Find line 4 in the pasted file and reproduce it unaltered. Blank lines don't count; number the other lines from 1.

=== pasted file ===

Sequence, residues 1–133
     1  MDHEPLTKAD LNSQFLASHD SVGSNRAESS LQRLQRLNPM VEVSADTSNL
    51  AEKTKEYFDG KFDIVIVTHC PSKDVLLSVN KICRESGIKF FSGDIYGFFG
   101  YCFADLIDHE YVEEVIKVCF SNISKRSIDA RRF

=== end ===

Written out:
   101  YCFADLIDHE YVEEVIKVCF SNISKRSIDA RRF